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Headlines Former AWS Engineer Arrested as Capital One Admits Massive Data Breach

ib4

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Before you read, a thought of mine: This women, tweeted, and comments on Github, boasting her actions. Now of course, its possible this is exactly how it all happened. But I am starting to think its also possible she was a patsy or something. Something is fishy that this engineer was stupid enough to go boasting about her actions on such common websites...

A massive breach of Capital One customer data has hit more than 100 million people in the U.S. and 6 million in Canada.

Thanks to a cloud misconfiguration, a hacker was able to access to credit applications, Social Security numbers and bank account numbers in one of the biggest data breaches to ever hit a financial services company — putting it in the same league in terms of size as the Equifax incident of 2017.

The FBI has already arrested a suspect in the case: A former engineer at Amazon Web Services (AWS), Paige Thompson, after she boasted about the data theft on GitHub.

According to a criminal complaint filed in the Western District of Washington’s U.S. Attorney’s Office, the intrusion occurred between March 19 and July 17 via a “misconfigured web application firewall.”

The illegally accessed data, which was stored on cloud servers rented from AWS, was primarily related to credit-card applications made between 2005 and early 2019, by both consumers and businesses. These include a raft of personal information, such as names, addresses and dates of birth; and financial information, including self-reported income and credit scores.

According to Capital One, no credit-card account numbers or log-in credentials were compromised and only about 140,000 Social Security numbers are impacted, meaning that “over 99 percent of Social Security numbers” were untouched, the company said. In Canada, about 1 million social insurance numbers were compromised.



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More @ https://threatpost.com/aws-arrest-data-breach-capital-one/146758/
 

YogurtExplosion

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According to Capital One, no credit-card account numbers or log-in credentials were compromised and only about 140,000 Social Security numbers are impacted, meaning that “over 99 percent of Social Security numbers” were untouched, the company said.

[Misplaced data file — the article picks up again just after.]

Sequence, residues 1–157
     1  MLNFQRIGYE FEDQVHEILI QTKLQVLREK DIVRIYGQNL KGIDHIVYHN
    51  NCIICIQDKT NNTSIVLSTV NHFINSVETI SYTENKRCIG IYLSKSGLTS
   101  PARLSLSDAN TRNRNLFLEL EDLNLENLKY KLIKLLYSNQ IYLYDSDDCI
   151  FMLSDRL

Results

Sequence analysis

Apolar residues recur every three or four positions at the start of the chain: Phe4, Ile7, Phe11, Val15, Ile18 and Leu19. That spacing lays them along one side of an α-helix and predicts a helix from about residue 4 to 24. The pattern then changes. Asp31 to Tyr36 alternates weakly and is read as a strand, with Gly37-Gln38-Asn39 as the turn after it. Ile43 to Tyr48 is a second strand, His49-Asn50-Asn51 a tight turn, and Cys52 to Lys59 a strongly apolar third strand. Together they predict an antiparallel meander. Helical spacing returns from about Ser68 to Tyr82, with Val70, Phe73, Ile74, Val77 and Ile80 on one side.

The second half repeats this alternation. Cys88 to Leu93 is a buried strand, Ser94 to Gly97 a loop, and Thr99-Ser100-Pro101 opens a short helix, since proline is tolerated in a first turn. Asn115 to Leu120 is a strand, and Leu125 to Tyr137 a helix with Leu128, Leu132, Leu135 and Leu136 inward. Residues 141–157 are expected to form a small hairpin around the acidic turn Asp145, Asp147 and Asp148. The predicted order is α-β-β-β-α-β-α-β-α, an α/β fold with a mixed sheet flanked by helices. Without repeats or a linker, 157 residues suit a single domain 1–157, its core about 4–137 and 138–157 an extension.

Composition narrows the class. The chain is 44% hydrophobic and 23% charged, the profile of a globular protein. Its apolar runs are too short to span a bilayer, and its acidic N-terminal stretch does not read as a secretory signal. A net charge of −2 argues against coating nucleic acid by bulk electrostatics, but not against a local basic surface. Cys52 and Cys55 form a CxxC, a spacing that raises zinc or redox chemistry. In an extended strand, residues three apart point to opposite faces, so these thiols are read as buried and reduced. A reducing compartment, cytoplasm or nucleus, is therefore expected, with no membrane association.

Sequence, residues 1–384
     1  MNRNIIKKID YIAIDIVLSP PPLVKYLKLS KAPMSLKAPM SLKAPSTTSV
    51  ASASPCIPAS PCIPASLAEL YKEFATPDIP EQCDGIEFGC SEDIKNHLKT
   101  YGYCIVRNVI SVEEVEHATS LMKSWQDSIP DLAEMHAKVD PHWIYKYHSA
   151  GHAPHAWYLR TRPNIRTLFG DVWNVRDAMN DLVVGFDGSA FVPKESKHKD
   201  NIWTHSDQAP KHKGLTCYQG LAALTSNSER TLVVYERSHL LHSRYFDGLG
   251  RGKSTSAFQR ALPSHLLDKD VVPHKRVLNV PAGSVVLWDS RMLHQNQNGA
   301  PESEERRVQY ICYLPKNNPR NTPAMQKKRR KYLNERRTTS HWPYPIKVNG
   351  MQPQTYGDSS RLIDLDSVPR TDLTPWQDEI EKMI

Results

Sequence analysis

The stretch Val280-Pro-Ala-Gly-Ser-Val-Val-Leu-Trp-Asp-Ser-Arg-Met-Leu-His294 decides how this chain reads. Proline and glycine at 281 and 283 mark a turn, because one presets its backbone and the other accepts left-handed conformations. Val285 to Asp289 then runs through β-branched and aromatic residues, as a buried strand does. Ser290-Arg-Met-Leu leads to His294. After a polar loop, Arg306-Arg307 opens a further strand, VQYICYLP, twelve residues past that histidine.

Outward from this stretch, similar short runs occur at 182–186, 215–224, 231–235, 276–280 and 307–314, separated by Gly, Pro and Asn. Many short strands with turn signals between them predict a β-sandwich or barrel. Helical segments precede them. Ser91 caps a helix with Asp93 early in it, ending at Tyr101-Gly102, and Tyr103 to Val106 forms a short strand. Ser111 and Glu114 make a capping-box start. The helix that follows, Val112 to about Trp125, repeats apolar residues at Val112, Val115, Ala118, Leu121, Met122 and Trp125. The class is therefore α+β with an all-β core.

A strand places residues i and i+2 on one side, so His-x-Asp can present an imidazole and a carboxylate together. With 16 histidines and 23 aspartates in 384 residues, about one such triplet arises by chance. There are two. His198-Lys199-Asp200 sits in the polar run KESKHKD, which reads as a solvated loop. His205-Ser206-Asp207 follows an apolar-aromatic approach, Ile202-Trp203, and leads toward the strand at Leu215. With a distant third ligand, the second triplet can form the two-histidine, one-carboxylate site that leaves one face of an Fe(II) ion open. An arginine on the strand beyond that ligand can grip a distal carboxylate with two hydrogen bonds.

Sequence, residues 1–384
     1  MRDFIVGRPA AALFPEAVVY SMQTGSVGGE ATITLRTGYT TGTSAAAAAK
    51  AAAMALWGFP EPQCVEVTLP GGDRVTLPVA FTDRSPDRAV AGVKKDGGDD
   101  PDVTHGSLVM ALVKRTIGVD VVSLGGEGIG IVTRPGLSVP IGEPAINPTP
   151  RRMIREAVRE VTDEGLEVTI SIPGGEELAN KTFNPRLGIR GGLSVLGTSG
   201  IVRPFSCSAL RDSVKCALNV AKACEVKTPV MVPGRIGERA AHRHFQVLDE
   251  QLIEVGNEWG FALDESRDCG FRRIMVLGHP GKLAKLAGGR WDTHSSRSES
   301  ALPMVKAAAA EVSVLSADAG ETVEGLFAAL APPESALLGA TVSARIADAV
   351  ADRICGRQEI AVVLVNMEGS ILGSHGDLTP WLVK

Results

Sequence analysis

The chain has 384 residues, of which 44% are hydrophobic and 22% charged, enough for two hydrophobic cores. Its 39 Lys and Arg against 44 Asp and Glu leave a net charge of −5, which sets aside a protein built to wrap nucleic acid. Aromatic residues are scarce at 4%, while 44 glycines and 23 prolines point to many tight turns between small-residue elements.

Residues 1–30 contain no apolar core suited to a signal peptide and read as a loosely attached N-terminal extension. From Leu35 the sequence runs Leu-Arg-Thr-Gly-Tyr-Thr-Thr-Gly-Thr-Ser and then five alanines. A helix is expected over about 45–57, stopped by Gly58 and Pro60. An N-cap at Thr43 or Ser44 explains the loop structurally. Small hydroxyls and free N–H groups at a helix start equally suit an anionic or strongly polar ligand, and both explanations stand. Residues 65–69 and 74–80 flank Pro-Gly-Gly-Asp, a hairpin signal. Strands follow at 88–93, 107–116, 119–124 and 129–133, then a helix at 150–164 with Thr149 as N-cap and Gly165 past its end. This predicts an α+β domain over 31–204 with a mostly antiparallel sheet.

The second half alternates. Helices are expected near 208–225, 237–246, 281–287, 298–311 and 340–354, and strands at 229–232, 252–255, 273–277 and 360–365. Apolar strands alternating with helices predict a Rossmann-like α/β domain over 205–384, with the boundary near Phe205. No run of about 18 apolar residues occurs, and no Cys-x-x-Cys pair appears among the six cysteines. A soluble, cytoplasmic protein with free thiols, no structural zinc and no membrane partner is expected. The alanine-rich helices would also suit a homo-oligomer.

That's the biggest lie I've ever heard.
 
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Reactions: Crazizniac and ib4

BRiT

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Another situation where the hacker was caught by supplying their own evidence, they talked about it via DM on a local hacker meetup group. The other recipient sent the info directly to Capital One.

They were compromised on Amazon Web Services by a Web Application Firewall account being hacked/leaked directly from Capital Ones network. This WAF account had access to 99% of all their Amazon Containers. This wasn't a misconfiguration, this was a major fuckup.
 

CoprophagousCop

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But isn't Capital One just renting the space on Amazon's servers. Wouldn't it be up to Amazon to maintain the servers and routers and firewalls ... ? :shrug:

The Cloud = Other people's computers
 

BRiT

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No. It's up to the customer (Capital One) to configure what they rent out. Amazon has no idea WTF their customer needs are. The cloud is just renting of server capabilities. Amazon has no idea if Website A needs to communicate with Service B that talks to Database C or if Website A has to talk to Service Q that talks to Database Z. Or if Website A doesn't need any other communications.

Amazons own site on this: https://aws.amazon.com/waf/
 

ib4

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Another situation where the hacker was caught by supplying their own evidence, they talked about it via DM on a local hacker meetup group. The other recipient sent the info directly to Capital One.

They were compromised on Amazon Web Services by a Web Application Firewall account being hacked/leaked directly from Capital Ones network. This WAF account had access to 99% of all their Amazon Containers. This wasn't a misconfiguration, this was a major fuckup.
No. Incompetence on Capital One's part.

From what I understand... There is no reason to allow the account to have access to the actual data in your databases (Containers in cloud speak). This account should only be able to setup firewall rules.
Exactly what we were saying over here.
 

CoprophagousCop

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They [Capital One] were compromised on Amazon Web Services by a Web Application Firewall account being hacked/leaked directly from Capital Ones network. This WAF account had access to 99% of all their Amazon Containers.
So who had access to the Web Application Firewall account? Was this something that the Amazon Web Services engineer had access?

The people at Capital One made a (major) mistake, but did it take someone with Amazon Web Services know-how to notice it?